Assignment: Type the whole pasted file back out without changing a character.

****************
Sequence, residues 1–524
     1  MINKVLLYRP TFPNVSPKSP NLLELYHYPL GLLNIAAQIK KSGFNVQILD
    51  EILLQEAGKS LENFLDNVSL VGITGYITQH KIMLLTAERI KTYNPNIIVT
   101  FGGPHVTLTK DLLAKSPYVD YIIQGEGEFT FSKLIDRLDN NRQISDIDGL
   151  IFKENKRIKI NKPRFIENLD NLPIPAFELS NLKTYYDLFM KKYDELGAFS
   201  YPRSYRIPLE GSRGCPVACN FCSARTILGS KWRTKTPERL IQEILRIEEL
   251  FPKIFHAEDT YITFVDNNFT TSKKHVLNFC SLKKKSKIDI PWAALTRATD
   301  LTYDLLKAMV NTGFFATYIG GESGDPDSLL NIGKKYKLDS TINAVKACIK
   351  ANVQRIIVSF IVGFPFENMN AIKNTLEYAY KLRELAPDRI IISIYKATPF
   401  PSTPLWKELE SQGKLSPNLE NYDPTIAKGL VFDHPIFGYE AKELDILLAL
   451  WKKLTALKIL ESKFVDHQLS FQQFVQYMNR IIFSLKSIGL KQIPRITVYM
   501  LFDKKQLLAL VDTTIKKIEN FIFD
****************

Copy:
Sequence, residues 1–524
     1  MINKVLLYRP TFPNVSPKSP NLLELYHYPL GLLNIAAQIK KSGFNVQILD
    51  EILLQEAGKS LENFLDNVSL VGITGYITQH KIMLLTAERI KTYNPNIIVT
   101  FGGPHVTLTK DLLAKSPYVD YIIQGEGEFT FSKLIDRLDN NRQISDIDGL
   151  IFKENKRIKI NKPRFIENLD NLPIPAFELS NLKTYYDLFM KKYDELGAFS
   201  YPRSYRIPLE GSRGCPVACN FCSARTILGS KWRTKTPERL IQEILRIEEL
   251  FPKIFHAEDT YITFVDNNFT TSKKHVLNFC SLKKKSKIDI PWAALTRATD
   301  LTYDLLKAMV NTGFFATYIG GESGDPDSLL NIGKKYKLDS TINAVKACIK
   351  ANVQRIIVSF IVGFPFENMN AIKNTLEYAY KLRELAPDRI IISIYKATPF
   401  PSTPLWKELE SQGKLSPNLE NYDPTIAKGL VFDHPIFGYE AKELDILLAL
   451  WKKLTALKIL ESKFVDHQLS FQQFVQYMNR IIFSLKSIGL KQIPRITVYM
   501  LFDKKQLLAL VDTTIKKIEN FIFD